Assistant still sports a much deeper knowledge base than Alexa, and the Hub offers one not so secret weapon: YouTube. Google’s video service is light years ahead of anything Amazon (or anyone, really) currently offers, and the competition shows no sign of catching up.

DJI Osmo Pocket

I wanted to dislike the Osmo Pocket. I mean, $349 for a gimbal with a built-in screen is pretty steep by any measure — especially given the fact that the drone maker has much cheaper and more professional options. After an afternoon with the Pocket, however, I was hooked.

The software takes a little getting used to, but once you’ve mastered it, you’re off to the races, using many of the same tricks you’ll find on the Mavic line. Time-lapse, FaceTrack and the 10 Story Mode templates are all impressive and can help novices capture compelling video from even the most mundane subject matter.

Oculus Go

The most recent wave of VR headsets has been split between two distinct categories. There are the high-end Rift and Vives on one side and the super-low-cost Daydreams and Gear VRs on the other. That leaves consumers in the unenviable position of choosing between emptying the bank account or opting for a sub-par experience.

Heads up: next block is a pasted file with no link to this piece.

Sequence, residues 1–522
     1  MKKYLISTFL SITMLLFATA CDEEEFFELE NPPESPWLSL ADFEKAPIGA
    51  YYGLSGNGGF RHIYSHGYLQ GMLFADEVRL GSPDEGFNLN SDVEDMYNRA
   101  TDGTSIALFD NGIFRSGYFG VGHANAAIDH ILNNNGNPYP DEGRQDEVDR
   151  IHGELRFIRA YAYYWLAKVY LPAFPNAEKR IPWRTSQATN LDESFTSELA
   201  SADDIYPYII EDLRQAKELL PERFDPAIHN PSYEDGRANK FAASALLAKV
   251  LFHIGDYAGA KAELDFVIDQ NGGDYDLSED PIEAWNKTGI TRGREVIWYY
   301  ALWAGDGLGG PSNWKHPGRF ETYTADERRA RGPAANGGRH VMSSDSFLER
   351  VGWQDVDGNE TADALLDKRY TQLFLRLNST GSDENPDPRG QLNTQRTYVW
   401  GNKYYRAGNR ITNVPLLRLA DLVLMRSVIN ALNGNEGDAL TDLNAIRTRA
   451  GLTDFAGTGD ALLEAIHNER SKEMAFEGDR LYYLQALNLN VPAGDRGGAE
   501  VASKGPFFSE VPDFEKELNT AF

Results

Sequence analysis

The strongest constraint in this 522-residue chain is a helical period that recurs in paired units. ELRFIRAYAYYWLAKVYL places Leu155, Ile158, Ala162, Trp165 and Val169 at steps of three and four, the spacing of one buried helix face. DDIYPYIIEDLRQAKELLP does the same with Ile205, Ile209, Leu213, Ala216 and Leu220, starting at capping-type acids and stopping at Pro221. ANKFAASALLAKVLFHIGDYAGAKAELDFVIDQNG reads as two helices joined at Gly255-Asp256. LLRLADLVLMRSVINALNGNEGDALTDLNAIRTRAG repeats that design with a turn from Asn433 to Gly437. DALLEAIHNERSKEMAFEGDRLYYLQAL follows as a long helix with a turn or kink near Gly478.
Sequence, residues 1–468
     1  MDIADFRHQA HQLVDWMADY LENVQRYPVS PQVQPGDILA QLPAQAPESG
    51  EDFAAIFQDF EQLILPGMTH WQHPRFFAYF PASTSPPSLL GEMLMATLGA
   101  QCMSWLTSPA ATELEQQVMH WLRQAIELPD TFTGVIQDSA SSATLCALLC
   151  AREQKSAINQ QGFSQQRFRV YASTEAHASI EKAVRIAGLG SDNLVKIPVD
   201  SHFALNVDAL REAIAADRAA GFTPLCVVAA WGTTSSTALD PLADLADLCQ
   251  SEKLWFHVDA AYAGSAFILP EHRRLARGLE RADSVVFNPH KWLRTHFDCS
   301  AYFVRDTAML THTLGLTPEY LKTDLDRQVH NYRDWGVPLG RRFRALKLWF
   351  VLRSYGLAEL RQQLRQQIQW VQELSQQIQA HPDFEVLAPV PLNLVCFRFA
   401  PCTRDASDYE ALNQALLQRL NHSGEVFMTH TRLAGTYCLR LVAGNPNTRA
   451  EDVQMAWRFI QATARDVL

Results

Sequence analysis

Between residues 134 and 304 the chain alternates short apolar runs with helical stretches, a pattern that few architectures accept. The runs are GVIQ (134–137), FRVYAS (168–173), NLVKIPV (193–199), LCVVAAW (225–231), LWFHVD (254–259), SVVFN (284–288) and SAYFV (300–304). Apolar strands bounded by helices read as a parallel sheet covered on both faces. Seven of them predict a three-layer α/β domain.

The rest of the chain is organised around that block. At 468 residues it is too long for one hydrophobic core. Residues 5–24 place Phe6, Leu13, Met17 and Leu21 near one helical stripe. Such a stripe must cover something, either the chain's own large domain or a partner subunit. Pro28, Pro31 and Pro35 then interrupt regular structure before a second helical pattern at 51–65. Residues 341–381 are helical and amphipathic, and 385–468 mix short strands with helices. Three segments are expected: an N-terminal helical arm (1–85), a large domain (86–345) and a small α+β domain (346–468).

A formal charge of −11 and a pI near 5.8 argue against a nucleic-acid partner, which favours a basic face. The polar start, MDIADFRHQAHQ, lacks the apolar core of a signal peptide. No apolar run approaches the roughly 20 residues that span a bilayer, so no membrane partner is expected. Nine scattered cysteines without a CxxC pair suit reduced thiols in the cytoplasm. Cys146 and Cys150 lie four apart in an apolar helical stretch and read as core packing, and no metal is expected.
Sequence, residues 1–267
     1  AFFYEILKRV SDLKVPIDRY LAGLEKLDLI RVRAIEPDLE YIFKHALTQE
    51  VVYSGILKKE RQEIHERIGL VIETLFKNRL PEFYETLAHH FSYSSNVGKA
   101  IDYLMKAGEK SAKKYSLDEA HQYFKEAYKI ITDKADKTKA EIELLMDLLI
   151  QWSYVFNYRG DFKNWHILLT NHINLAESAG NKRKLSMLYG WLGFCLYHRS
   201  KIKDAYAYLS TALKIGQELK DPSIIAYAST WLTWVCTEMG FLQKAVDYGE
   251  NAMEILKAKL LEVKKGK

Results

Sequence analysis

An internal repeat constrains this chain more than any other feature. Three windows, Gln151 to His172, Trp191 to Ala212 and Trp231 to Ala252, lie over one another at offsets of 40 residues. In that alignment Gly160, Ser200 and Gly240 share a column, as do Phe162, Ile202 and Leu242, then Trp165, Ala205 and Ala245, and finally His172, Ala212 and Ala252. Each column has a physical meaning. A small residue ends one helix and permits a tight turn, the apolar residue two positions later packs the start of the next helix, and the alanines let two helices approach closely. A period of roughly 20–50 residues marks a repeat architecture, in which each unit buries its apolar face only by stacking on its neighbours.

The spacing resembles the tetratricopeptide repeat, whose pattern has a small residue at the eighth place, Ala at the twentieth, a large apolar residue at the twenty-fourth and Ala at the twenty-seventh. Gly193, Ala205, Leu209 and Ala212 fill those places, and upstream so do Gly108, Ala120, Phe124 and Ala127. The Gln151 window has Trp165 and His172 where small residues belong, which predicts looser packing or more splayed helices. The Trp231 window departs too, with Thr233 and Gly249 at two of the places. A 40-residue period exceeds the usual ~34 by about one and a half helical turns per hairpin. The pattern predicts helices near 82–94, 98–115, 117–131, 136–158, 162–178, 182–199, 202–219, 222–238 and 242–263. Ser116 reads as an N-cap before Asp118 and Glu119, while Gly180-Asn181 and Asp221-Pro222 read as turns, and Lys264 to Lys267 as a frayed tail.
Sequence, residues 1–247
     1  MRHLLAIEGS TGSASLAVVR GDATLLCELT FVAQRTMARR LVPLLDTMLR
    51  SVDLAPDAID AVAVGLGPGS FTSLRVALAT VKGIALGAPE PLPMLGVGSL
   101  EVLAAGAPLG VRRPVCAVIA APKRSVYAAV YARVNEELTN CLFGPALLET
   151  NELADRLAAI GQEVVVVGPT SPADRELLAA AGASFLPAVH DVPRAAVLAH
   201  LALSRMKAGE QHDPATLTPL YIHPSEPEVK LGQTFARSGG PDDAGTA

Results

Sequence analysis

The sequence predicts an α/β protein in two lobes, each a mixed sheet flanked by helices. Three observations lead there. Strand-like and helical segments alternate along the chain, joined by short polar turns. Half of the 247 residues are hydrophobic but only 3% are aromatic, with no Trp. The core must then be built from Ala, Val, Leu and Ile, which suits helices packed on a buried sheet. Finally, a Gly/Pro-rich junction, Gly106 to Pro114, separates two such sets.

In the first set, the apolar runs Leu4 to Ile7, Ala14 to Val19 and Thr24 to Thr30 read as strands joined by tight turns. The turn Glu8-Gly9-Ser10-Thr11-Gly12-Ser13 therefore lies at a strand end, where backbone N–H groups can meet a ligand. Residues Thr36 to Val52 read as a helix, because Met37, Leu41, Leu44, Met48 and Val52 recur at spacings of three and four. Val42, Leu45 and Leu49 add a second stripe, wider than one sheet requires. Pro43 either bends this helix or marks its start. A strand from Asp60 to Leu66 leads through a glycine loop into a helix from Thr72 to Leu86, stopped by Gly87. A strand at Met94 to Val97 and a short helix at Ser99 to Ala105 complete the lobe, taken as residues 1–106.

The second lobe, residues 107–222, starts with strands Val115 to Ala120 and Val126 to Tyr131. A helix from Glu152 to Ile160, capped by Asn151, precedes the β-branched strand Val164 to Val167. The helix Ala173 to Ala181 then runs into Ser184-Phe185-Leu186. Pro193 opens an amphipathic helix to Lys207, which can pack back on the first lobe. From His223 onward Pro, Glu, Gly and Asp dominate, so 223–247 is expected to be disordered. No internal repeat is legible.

Oculus’ Go headset arrived this year to split the difference. In a time when virtual reality seems at the tail end of its hype cycle, the $199 device offers the most compelling case for mainstreaming yet.

It’s a solid and financially accessible take on VR that shows that the category may still have a little life left in it yet.

Timbuk2 Never Check Expandable Backpack

Granted, it’s not a gadget per se, but the Never Check is the best backpack I’ve ever owned. I initially picked it up as part of a Gift Guide feature I was writing, and I’ve since totally fallen for the thing.

As someone who spends nearly half of his time on the road these days, the bag’s big volume and surprisingly slim profile have been a life saver. It’s followed me to a Hong Kong hostel and a Nigerian hotel, jammed full of all the tech I need to do my job.

It’s also unassuming enough to be your day to day bag. Just zip up one of those waterproof zippers to compress its footprint.

Happy Hacking Keyboard Professional 2